Actuarial Profession, Staple Inn Hall, High Holborn, London, WC1V 7QJ, 16:00, 10 November 2009

Supported by the Nuffield Foundation

It has finally happened. After many years in the political wilderness, the issue of long-term care funding has entered the mainstream of political debate. Despite the global recession and ‘credit crunch’, it is increasingly recognised that one of the biggest challenges confronting the UK remains how to best fund long-term care for older people.

In February 2008, the ILC-UK published “A National Care Fund for Long-term Care”. This report proposed a state-sponsored insurance fund to pool the risk of needing care for the post-retirement phase, into which individuals with sufficient means would contribute whether as a lump-sum at 65, through income payments or as a charge on their estate.

July 2009 saw the publication of the Government’s Green Paper on social care: “Shaping the Future of Care Together“. This ambitious and far-reaching document sets out a vision for a ‘National Care Service’ with reforms proposed across social care delivery, organisation and the funding of older people’s long-term care.

The Green Paper set out three different options regarding care funding, but which exclude consideration of the ‘hotel costs’ of residential care. The first ‘partnership’ model continues the current system of means-tested co-payment state support, but with disability benefits reallocated via the proposed ‘National Care Service’ and levels of support more precisely proportional to need.

The second and third options both propose state-sponsored insurance schemes for the retirement phase with individuals given full flexibility in when and how to pay, including lump-sums paid on retirement or as a charge on their estate. One option would be mandatory, which would ensure maximum coverage and enable progressive contributions, but would pose a political challenge. The other option proposes a voluntary approach to insurance, together with the possibility of individuals using a private sector market for long-term care insurance products, rather than a state-sponsored insurance fund.

However, in recent weeks, this agenda has taken a surprising turn with the Government announcing a policy of free personal care in the home for individuals with the ‘highest needs’.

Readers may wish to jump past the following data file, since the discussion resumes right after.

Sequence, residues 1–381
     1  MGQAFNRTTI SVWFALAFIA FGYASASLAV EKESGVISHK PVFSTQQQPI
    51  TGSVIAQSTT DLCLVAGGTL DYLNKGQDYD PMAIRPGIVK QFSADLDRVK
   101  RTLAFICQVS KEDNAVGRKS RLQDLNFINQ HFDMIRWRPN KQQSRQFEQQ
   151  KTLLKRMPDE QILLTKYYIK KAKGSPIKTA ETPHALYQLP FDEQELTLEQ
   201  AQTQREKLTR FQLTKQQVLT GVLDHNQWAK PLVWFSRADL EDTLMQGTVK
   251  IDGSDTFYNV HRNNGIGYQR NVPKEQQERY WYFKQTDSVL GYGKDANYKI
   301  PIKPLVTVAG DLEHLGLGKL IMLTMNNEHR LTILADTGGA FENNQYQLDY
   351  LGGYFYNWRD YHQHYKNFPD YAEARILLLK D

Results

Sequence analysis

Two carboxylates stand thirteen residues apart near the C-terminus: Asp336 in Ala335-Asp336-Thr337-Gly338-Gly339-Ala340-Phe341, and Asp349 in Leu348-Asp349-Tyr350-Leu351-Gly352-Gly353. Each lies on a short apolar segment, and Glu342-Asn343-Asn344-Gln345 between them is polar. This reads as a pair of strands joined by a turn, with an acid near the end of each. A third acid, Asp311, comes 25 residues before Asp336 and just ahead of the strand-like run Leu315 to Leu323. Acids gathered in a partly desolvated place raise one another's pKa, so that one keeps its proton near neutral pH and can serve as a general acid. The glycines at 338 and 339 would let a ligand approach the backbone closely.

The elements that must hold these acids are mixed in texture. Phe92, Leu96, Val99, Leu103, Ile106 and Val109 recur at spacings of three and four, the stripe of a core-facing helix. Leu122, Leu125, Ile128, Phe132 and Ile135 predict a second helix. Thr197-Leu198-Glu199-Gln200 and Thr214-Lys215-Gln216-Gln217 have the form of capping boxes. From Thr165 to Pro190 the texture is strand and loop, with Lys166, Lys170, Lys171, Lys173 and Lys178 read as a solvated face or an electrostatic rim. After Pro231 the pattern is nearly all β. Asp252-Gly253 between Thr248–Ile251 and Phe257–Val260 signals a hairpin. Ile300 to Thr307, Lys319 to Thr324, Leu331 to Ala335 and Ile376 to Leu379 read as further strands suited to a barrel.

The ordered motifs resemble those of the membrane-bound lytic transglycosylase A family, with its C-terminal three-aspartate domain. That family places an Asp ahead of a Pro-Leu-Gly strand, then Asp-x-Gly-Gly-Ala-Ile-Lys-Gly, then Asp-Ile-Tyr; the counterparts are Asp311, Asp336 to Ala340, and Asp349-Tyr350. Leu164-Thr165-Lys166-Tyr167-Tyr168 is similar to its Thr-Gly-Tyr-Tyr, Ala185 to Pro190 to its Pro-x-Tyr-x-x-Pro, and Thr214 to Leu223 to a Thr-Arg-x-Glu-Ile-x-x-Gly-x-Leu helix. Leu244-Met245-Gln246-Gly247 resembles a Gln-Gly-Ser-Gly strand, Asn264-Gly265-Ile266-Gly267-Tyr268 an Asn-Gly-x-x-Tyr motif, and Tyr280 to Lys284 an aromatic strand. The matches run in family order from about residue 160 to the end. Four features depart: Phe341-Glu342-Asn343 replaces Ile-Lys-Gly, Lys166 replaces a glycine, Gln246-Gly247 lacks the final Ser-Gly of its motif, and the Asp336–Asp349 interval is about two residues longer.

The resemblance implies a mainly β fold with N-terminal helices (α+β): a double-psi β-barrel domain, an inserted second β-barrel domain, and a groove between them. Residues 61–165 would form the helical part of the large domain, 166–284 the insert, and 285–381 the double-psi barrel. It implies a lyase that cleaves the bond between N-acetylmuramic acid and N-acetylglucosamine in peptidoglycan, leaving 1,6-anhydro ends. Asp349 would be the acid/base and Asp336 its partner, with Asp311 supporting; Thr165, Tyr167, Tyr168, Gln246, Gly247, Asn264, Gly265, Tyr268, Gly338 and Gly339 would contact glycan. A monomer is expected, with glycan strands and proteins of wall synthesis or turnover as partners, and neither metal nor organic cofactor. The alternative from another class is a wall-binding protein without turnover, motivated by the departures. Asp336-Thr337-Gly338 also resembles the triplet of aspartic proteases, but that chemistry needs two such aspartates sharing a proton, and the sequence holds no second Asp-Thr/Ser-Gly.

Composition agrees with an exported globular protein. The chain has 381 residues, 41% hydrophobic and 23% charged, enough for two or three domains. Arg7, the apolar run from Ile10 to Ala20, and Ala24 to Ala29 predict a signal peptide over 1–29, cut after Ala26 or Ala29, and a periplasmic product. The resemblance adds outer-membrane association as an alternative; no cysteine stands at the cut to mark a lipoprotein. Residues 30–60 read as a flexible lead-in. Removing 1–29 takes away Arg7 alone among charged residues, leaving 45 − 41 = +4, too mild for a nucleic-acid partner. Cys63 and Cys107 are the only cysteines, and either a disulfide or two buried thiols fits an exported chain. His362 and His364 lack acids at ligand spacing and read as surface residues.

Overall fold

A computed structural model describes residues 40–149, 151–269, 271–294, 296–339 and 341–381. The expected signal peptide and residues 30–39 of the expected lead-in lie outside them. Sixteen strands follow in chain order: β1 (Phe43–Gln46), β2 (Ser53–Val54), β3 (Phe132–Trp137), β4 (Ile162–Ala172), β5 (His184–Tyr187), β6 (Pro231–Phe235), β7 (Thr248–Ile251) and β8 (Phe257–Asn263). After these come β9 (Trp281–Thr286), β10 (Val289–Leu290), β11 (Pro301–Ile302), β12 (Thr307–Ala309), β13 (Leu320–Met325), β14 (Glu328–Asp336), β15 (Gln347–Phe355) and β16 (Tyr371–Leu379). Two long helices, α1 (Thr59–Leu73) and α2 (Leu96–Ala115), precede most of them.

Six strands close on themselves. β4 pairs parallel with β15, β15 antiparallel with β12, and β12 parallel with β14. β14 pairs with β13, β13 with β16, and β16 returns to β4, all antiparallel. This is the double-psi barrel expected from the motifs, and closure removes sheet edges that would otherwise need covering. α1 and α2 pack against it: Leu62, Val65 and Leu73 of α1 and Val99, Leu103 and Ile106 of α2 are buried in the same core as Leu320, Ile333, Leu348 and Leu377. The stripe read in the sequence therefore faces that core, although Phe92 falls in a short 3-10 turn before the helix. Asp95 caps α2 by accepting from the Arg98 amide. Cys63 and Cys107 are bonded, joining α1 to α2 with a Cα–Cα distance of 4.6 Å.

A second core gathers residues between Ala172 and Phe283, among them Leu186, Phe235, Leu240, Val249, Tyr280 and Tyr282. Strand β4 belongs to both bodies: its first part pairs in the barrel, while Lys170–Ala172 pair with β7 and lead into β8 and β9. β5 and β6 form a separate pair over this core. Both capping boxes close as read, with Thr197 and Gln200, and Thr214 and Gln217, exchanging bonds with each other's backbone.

Days later, the Conservative Party proposed a voluntary insurance scheme: individuals would pay an £8000 lump-sum at 65 to insure against all potential residential care costs, albeit ignoring the cost of personal care in the home. The Conservatives say this insurance could be operated by existing private-sector insurers using branded products.

This debate explored the questions:

  • Should the state adopt a mandatory or voluntary approach to insurance for long-term care?
  • Should insurance be left to a private sector market or organised by the state? What are the likely benefits of each approach, such as levels of take-up?
  • Should insurance schemes for long-term care focus on personal care, residential care, or both?
  • What are the trade-offs between a national and locally organised system of care funding?
  • How can means-testing eventually be eliminated from the long-term care funding system so that everyone has an incentive to save for retirement?
  • What are the opportunities and pitfalls associated with long-term care funding becoming a mainstream political issue?

Speakers/ Panel included:

  • Baroness Sally Greengross, Chief Executive, ILC-UK;
  • Ian Sissons, Actuary, Munich Re;
  • James Lloyd, Senior Research Fellow, Social Market Foundation and author of “A National Care Fund for Long-term Care”;
  • Professor Julien Forder, University of Kent and co-author of the Wanless social care review: “Securing good care for older people: Taking a long-term view”;
  • Stephen Burke, Chief Executive, Counsel and Care; and
  • Sue Regan, Chief Executive, Resolution Foundation.

A copy of the following presentations can be downloaded: